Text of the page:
We should not make the mistake of assuming that because high speed economic growth rate correlates with authoritarian government by the CCP in Beijing that the central government is either the cause of that growth or has much control over what is going on.

    Although Beijing is the centre of CCP power and works hard to impose its will and policies on the country they are not always very successful. The increasing paranoia of the last 12 months tends to confirm there is something worrying them in a big way.

    The local CCP authorities have a lot of power (courts, police, admin, enterprise) to do what they want providing they keep their heads down and pay lip service to what Beijing wants.

    Trying to ensure sensible lending/borrowing and development decisions at the local level is very difficult for Beijing.

    While building big infrastructure is manageable, getting all the small stuff right that stops the public burning down the local police station and party offices is another thing.

    This book by Richard McGregor is an interesting account of the challenges facing the CCP to maintain ‘control’ over the free-wheeling and upwardly mobile local party officials and enterprises.

    Certainly the party has fingers in every pie but the interests of the local party and the local members may not be quite the same as the interests of the party big wigs in Beijing.

    China has, despite the best efforts of the CCP, probably more in common with boom and bust 19th century USA than a command economy.

    Trying to pick the black swan that bites you when there are flocks of the critters wheeling overhead is the hard part.

  15. PhilBest, Yes, China’s economy is an unhealthy mix of “command” and “capitalism”. The local governments, bureaucrats, and “capitalists” are abusing the process of development to make “planning gains”, with the result that the finished product of the housing development is unaffordable to the most people who actually need it. But is that worse than USA economy with all its crashes and inefficiencies of the “free market”? This is the question. The one is growing exponentially, the other is still licking its GFC wounds. The final outcome for both will be the same.

  16. Devilled Advocate

    All very valid points – my experience in dealing with China can be summed up as follows:

    1. In China nothing (very little anyway) is at is seems
    2. There are no experts on China, only varying degrees of ignorance.

    I have a lot of Chinese born friends who cant explain some Chinese shennaningans so its virtually impossible from a Western prism.

    Either way its going to be interesting and one way or another as Napoleon purportedly said (China) will shake the world.

    My pegged RMB0.02.


  17. I take my hat off to you Leith for your honest approach to information regardless of the message within.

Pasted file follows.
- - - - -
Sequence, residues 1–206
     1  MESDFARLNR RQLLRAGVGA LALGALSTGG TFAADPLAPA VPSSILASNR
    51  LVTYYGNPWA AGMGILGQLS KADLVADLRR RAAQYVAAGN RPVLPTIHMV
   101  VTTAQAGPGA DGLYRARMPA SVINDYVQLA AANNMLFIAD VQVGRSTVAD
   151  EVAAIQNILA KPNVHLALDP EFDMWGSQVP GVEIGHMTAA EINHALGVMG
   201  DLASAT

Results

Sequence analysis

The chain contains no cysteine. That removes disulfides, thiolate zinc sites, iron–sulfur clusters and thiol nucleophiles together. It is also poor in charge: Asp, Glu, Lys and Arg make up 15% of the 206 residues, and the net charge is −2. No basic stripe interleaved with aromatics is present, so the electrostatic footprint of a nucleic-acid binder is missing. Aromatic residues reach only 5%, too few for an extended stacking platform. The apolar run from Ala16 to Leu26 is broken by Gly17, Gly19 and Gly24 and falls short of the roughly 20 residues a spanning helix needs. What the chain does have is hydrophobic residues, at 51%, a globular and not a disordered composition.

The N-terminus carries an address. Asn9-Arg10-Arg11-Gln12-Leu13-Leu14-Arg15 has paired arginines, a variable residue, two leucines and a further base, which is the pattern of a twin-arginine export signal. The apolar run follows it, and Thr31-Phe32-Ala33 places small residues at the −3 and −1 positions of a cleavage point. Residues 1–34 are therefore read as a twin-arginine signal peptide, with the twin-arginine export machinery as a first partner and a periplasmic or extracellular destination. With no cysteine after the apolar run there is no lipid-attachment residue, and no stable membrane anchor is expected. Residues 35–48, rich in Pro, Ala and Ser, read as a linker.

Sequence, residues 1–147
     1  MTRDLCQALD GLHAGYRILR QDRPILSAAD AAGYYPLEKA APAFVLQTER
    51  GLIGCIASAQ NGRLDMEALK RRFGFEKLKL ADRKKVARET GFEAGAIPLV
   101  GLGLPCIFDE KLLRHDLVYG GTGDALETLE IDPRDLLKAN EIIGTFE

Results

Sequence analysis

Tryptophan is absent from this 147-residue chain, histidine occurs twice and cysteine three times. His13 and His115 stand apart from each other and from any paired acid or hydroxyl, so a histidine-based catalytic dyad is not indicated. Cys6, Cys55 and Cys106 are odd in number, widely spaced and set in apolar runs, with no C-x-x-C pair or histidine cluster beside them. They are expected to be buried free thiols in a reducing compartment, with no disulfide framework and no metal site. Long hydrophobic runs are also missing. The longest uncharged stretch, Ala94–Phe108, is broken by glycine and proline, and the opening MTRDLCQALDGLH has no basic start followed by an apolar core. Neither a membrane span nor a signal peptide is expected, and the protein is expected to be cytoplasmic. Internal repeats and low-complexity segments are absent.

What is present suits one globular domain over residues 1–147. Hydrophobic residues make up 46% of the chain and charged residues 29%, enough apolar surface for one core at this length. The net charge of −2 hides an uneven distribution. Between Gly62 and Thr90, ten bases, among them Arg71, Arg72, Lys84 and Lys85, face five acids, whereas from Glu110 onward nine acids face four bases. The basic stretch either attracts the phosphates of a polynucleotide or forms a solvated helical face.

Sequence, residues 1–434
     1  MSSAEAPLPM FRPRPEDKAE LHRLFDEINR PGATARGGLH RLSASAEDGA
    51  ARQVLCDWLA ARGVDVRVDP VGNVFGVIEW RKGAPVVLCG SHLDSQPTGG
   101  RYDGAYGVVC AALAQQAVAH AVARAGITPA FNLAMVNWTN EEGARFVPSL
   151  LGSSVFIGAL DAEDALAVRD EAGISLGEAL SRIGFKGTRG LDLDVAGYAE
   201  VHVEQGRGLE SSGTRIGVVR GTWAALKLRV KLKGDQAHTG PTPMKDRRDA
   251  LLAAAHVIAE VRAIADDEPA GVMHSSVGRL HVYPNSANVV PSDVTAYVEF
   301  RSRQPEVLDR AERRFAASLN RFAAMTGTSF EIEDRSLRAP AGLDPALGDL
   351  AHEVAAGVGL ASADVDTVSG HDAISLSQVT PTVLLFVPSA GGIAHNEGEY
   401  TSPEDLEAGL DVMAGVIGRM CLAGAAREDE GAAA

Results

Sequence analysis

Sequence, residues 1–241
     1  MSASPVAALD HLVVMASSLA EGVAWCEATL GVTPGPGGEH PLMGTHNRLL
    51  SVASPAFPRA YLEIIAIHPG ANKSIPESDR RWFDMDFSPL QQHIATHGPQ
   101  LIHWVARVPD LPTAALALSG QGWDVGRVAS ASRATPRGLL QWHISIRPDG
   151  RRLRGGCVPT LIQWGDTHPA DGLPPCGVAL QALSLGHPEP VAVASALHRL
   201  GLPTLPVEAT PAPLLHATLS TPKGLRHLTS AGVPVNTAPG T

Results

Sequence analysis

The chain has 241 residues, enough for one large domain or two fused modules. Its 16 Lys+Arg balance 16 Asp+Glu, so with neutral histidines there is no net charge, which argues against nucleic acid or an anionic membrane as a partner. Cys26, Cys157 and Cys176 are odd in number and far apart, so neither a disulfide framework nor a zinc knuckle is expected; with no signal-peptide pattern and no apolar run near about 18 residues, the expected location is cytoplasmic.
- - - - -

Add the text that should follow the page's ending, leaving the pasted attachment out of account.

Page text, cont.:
18. With respect to Governments, I take the position that if its no news, its bad news. 100% success rate on that score to date!

    China is the Mother of all Bubbles.

    In visiting it back in March and looking at it as a developer, its clear to me that its a bureaucratic “make the numbers” economic circus. Nothing seems to “stack”.

  19. But can you have a bubble if all of this government spending is financed with cash and it is not really a market economy. China is not going into debt to sponsor all of this economic activity. Yes, it is a waste to build housing and infrastructure that might never get used. As there is no debt raised for construction, these apartment buildings don’t ever need to go on the market to be sold. It is like building pyramids in 21st century, while bizarre, they can afford it.

  20. This article on China’s miraculously filling ghost cities does not pass the smell test. I can think of many ways it could be manufactured, especially as it comes from the pen of Cox, a right winger and lobbyist for automobile-based industries. The last thing Cox and his running dog imperio-capitalist friends want is a collapse of the milch cow du jour, China.

    • Skeptic – your comments are childish. Bad manners and ignorance go hand in hand of course. And gutlessness too – in not using your own name when slurring others.

      The reality is that Wendell Cox has spent much time in China over the years researching and reporting on it – and his perspectives require serious consideration.

      As the co author of the Annual Demographia Housing Survey with Wendell Cox, I happen to disagree with his perspective of market conditions there, as you will note within my comment above.

      • I second Hugh and I thank him for bringing this disgraceful comment to my attention (via the comments feed).

        When I decided to examine the supply-side of the housing market last year, I contacted both Hugh and Wendell for papers, research, etc and have asked them many questions about the supply-side over the past 6 months. Both Hugh and Wendell have been extremely approachable and helpful, and have assisted me greatly in my research.

        I find it curious, Skeptic, that you would bag a guy that has devoted considerable personal time arguing for more affordable housing (how dare he!), as well as informing the populace of just how overvalued the Australian housing market is compared to other countries.

        The Demographia surveys are the gold standard – without these vital surveys most Australians would be completely in the dark about the extent of Australia’s crazy house prices.

  21. Leith I dont buy it. Just like all these Chinese companies and their accounting practices proving to be a big crock of S$%T. All these US agencies are not investigating them and other countries around the world. For those all cheering China on here do you really think China is the be all and most admired economy in the world. They are about to be in the same mess as everyone else.

  22. Please keep up these great posts to continually challenge existing thoughts / assumptions.

    Posts and comments like these are why I come back to macrobusiness every day.